# Biased Parameter Estimation in Poisson Regression

I read over here (https://aip.scitation.org/doi/pdf/10.1063/5.0040330) that "If the equi-dispersion is not met, the Poisson Regression is no longer appropriate to model the data. Moreover, the resulted model will yield biased parameter estimation and underestimate the standard error".

I have taken some intro courses in statistics and learned about "biasedness". I believe that biasedness means that the expected value of a variable subtracted from the variable itself is equal to 0.

As for the above quote, can someone please try to explain the logic behind this statement? How can we know that if equi-dispersion is not met, the Poisson Regression model will always result in biased parameter estimation and underestimate the standard error? Is this just a logical conclusion or is there actually some way to demonstrate this?

• The paper you linked is about overdispersion, there are many relevant posts on this site, see stats.stackexchange.com/questions/175875/… and stats.stackexchange.com/questions/554622/…. The quote you give is imprecise, the last part is true, the first not necessarily. Sep 9, 2022 at 23:57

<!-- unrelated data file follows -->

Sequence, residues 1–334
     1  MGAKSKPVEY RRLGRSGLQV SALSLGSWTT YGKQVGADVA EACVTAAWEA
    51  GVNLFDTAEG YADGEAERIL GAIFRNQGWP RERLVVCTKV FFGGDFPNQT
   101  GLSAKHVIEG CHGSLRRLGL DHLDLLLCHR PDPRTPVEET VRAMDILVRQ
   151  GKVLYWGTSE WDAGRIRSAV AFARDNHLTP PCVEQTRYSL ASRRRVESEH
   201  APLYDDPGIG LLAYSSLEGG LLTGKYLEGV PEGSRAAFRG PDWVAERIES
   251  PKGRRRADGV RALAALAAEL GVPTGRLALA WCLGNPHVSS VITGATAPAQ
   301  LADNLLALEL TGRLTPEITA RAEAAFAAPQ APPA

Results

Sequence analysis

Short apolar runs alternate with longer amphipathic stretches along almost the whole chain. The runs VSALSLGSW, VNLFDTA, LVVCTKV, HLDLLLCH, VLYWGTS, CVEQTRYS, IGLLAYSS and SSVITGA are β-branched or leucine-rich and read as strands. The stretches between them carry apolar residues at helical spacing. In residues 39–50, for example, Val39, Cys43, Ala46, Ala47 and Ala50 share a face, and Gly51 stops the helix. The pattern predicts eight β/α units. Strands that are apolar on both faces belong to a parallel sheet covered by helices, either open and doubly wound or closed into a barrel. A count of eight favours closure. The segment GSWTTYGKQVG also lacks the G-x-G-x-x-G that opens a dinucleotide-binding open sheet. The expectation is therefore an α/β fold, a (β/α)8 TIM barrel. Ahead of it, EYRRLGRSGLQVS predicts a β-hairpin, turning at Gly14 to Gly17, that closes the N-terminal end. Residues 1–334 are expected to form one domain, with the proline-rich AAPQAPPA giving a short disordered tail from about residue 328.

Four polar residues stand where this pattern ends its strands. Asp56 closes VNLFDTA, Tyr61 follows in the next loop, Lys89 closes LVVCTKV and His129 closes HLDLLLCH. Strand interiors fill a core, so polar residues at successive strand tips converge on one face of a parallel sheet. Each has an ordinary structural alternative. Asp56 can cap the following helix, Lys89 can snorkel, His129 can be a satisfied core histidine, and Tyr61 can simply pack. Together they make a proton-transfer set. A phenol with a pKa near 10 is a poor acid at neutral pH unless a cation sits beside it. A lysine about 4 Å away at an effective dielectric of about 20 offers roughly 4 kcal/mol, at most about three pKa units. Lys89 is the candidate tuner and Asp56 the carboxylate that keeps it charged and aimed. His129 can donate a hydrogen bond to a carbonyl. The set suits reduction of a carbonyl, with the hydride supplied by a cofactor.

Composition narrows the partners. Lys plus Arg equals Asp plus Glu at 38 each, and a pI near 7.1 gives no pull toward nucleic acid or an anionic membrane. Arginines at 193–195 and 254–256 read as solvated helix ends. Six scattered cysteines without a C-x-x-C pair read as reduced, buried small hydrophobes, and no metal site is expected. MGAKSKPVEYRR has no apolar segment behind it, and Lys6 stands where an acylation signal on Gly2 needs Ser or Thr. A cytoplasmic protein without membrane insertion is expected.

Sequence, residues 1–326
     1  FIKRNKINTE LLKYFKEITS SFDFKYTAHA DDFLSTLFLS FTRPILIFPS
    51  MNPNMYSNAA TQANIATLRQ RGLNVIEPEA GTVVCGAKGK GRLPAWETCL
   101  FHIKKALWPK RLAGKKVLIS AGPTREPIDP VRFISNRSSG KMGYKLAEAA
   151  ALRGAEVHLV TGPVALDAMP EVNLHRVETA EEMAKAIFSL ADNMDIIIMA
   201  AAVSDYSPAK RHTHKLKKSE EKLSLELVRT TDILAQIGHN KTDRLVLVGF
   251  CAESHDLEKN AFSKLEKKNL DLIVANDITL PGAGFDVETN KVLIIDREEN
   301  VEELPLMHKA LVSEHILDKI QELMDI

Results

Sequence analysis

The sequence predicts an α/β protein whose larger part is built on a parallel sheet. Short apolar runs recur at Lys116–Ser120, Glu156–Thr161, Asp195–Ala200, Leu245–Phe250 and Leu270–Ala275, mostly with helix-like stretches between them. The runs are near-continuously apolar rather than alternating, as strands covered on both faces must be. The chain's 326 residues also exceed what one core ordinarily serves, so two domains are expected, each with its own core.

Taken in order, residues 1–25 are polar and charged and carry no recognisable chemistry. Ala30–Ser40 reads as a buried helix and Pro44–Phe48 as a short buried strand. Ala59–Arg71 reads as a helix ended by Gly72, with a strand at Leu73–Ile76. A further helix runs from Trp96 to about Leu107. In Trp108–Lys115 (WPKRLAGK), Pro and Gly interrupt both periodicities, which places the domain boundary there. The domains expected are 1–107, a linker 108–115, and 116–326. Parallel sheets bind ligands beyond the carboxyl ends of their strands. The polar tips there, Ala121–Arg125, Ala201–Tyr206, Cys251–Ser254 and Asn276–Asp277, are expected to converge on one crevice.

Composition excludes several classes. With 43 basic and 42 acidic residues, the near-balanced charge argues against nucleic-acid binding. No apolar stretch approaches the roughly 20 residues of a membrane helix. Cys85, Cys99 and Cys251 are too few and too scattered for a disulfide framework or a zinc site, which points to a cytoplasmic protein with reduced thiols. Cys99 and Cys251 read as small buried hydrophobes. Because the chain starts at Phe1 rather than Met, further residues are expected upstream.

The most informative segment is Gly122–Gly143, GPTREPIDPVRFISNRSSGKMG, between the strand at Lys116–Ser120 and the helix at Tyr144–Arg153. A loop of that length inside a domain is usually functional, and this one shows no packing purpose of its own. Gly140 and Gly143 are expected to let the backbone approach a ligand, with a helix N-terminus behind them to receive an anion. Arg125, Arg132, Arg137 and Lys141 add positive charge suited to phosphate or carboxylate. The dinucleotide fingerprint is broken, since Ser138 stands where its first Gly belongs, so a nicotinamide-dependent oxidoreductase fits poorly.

• "I believe that biasedness means that the expected value of a variable subtracted from the variable itself is equal to 0." --- the second half of that is defining unbiasedness, not biasedness. Sep 10, 2022 at 1:01
• do you know why the last part is true? Sep 10, 2022 at 1:48
• @MBA_Grad_Student_2022: "do you know why the last part is true?" Yes, if you calculate standard errors based on the Poisson model, but the dispersion is really larger, then of course the SE's becomes to small. Sep 10, 2022 at 3:43
• @ Kjetil: is there some link that shows the logic of this? if the overdispersion is large, shouldn't the SE (Standard Errors) also be large? Sep 10, 2022 at 14:46